SEATTLE – The owners of an Army-Navy surplus store acquired four Medals of Honor between the years 1955 and 1980. They only displayed them and never offered them for sale. Now, after learning they all were fakes and had never awarded to any veteran, they gave them up Oct. 19 during a ceremony at the Seattle field office of the FBI.
According to reports, the medals at issue had all been fabricated by the company that once had the government contract to produce Medals of Honor, Lordship Industries Inc. of Hauppage, N.Y. The company was eventually fined for selling hundreds of bootlegged medals.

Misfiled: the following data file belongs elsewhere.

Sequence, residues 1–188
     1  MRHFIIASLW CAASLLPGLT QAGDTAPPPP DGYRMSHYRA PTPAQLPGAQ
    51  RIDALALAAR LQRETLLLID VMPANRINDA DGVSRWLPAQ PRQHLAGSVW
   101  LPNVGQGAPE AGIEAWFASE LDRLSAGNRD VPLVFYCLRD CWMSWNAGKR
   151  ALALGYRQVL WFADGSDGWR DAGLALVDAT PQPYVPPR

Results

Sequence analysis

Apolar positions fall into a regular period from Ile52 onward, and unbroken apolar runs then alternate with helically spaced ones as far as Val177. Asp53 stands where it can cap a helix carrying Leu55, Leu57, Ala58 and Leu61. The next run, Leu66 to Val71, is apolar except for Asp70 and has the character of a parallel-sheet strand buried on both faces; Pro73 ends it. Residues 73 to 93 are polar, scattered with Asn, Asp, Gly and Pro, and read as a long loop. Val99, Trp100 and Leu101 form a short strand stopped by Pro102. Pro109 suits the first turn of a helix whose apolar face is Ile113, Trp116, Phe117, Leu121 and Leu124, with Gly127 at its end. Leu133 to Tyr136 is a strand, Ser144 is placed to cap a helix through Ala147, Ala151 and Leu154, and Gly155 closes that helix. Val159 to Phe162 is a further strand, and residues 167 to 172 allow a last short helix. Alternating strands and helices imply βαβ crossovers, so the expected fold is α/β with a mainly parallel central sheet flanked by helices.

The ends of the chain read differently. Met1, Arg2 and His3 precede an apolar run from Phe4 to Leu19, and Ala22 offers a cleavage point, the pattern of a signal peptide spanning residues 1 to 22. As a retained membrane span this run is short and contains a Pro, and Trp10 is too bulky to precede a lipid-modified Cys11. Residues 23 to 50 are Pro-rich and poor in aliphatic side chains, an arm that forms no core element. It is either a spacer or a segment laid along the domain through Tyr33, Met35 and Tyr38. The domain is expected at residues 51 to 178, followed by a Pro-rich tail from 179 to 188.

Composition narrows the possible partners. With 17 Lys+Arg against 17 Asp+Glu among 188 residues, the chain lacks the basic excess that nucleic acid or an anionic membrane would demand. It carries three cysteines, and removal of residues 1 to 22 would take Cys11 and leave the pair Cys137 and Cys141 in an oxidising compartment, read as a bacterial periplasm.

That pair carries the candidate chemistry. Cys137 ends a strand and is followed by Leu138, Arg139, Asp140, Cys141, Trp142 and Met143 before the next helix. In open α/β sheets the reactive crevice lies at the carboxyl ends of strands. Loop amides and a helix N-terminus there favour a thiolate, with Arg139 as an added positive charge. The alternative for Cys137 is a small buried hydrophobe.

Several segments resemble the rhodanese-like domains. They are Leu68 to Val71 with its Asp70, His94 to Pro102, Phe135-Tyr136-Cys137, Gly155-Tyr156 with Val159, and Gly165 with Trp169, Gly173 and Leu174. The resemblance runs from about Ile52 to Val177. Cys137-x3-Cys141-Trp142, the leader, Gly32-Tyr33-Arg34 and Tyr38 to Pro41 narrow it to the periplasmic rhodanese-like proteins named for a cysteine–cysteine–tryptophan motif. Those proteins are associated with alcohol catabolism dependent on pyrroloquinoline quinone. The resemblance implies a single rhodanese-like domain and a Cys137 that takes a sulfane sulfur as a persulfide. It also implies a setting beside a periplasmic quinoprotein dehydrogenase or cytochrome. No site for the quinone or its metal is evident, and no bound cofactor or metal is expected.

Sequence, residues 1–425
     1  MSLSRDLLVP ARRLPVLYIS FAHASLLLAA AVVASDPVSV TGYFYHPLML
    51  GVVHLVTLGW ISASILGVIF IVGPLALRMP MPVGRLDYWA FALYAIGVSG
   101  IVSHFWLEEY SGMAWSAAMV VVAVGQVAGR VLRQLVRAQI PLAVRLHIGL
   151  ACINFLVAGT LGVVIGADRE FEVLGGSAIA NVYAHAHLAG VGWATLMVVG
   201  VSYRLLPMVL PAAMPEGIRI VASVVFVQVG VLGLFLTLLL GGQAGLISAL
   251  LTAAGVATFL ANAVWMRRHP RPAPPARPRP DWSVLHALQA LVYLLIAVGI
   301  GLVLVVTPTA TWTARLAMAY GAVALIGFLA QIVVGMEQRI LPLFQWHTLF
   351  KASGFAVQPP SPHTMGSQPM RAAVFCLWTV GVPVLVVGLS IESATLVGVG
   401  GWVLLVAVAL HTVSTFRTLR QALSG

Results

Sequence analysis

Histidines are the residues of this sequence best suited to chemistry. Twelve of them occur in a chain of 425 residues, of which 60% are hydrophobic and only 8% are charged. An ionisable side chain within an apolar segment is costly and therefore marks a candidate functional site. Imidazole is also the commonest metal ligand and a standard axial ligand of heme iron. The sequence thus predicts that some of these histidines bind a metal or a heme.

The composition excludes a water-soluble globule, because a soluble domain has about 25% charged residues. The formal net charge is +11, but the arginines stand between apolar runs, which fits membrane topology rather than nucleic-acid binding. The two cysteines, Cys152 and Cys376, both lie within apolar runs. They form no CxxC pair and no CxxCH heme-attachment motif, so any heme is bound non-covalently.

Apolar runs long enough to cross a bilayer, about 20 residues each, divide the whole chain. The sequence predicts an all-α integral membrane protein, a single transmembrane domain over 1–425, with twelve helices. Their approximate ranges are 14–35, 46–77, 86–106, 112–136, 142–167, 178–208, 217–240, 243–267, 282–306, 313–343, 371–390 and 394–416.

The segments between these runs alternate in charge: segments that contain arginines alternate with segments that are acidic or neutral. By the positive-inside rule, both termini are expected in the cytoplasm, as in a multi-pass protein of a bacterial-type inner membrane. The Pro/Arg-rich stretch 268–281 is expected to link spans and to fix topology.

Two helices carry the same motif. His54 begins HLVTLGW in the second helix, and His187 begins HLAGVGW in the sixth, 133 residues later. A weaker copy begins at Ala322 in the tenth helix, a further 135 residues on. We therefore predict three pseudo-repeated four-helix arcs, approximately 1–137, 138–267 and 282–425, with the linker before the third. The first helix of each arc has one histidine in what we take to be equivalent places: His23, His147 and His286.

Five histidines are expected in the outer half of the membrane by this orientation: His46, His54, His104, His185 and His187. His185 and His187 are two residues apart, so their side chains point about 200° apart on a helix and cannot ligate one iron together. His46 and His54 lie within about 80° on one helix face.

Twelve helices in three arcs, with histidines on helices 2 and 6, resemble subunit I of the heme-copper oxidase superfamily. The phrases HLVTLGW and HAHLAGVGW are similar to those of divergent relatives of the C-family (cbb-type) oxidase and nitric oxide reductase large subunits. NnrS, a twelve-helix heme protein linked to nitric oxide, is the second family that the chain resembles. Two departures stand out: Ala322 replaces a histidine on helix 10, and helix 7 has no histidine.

There are 85 living Medal of Honor recipients. To help root out military medal imposters, Congress in 2005 passed the Stolen Valor Act, which made it a crime punishable by up to a year to buy, sell, wear or claim to have received an honor one never earned — a law struck down by a panel of the 9th U.S. Circuit Court of Appeals, which said it violated the First Amendment by criminalizing lies that don’t necessarily harm anyone. The U.S. Supreme Court announced on Oct. 17 it would review that decision.
Seattle FBI agents noted that had the medals from the store been stolen, someone might have wound up using them to pose as a Medal of Honor recipient, damaging the integrity of the award.
Each recipient of the honor is awarded two medals: one with the recipient’s name engraved on the back, and one that says “duplicate.” The medals from the Seattle shop are blank.